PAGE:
According to the Pacific Institute’s Water Conflict Chronology, events that constitute water conflict can be categorised as triggers, weapons, or casualties.

Firstly as a trigger or root cause of conflict, where there is a dispute over the control of water or water systems. Secondly, as a weapon of conflict. A situation where water resources, or water systems themselves, are used as a weapon in a conflict. Finally, water systems can be a casualty of conflict. Where water resources are intentional or incidental casualties or targets of violence.

While the root causes of war are many, the evidence suggests that hydro-political tensions between Ukraine and Russia were at the heart of the recent escalation in violence.

As early as 2014, water was weaponised by both Russia & Ukraine. By blocking the Northern Crimea Canal, in the case of Ukraine. Also by Russia, through its sustained bombardment of water supplies and infrastructure in Donbas.

Water war, like siege warfare, can also be a form of indirect war. War meant to undermine a defender’s ability to hold ground by depriving them of the fundamentals needed to do so.

Attacks on personnel at the Donetsk Filter Station & critical water infrastructure follow a similar pattern of siege warfare. Assaults on water infrastructure undoubtedly undermine Ukraine’s defence, the economy of the region, and day-to-day life.

Attacks on water supply caused water scarcity. Attacks on water treatment infrastructure by Russian-backed separatists created stress & uncertainty in the local population. Specifically, their attacks on infrastructure for the treatment and management of toxic wastes created fear and mistrust of water supplies in the Donbas region. This exacerbated physical and social water stress, destabilising the native Ukrainian population and undermining their ability to fight. This speaks to the final component of the Water Conflict Chronology – water as a casualty of broader conflict.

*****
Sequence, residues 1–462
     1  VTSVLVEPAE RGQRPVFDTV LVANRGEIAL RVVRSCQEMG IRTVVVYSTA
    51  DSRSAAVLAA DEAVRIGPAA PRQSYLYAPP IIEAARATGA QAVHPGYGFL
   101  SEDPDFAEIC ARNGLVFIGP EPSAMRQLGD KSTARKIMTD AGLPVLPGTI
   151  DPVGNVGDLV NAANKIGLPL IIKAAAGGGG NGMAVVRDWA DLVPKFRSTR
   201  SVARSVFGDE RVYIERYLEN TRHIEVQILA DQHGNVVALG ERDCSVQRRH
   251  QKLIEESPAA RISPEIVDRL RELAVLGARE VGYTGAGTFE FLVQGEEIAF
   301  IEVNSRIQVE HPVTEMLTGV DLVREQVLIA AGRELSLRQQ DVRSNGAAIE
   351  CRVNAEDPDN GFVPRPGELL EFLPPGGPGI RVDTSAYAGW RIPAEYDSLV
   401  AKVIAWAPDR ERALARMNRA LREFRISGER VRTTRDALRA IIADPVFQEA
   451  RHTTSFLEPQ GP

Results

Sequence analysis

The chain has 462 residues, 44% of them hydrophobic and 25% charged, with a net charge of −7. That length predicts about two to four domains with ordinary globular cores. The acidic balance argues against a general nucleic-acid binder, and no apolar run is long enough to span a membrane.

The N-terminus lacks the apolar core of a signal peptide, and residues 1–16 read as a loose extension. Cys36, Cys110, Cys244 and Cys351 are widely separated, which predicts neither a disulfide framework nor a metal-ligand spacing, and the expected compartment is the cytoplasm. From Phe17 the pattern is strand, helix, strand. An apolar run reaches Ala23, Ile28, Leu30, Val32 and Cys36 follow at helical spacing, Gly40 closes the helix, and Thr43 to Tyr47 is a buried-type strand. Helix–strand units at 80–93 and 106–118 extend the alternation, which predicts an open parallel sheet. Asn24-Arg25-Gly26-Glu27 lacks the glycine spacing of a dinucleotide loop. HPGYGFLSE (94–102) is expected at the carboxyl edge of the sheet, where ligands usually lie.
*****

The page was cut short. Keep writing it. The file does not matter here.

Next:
Look no further than the tragic siege of the city of Mariupol, undoubtedly the hardest hit city in the conflict so far, to see how water resources become casualties of war, threatening day-to-day life itself. In Mariupol, at the time of writing, food and water are rapidly depleting.

If we follow the Water Conflict Chronology framework, Russia is without a doubt waging a water war in Ukraine.

Is it the sole cause of the conflict? Certainly not. But water emerges time and time again as a major undercurrent.

But why does it matter if water sits at the heart of this conflict? Because understanding the multiple root causes of this war can help us resolve it, create a starting point for negotiations, and prevent similar conflicts in the future.

Regardless of the war’s outcome, Russian & Ukrainian communities in the region need to heal. The need for water transcends ethnic and political divisions in Crimea, Donbas, and throughout Ukraine.

Making amends to reach accord is critical to the future of both nations. Without water, Crimea withers. Without access to Black Sea ports, the abundant produce of Ukraine’s fertile farmland cannot reach global markets. It is not an exaggeration to say that peace is the path to prosperity.

Achieving peace begins with reaching an agreement to share diminishing water resources equitably throughout the region.

Perhaps brokering peace over water will set a new precedent for cooperation in the region, establishing a solid foundation for long-term stability in Eastern Europe? Only time will tell…

This entry was posted on Monday, March 28th, 2022 at 9:21 am and is filed under Russia, Ukraine.  You can follow any responses to this entry through the RSS 2.0 feed.  Both comments and pings are currently closed.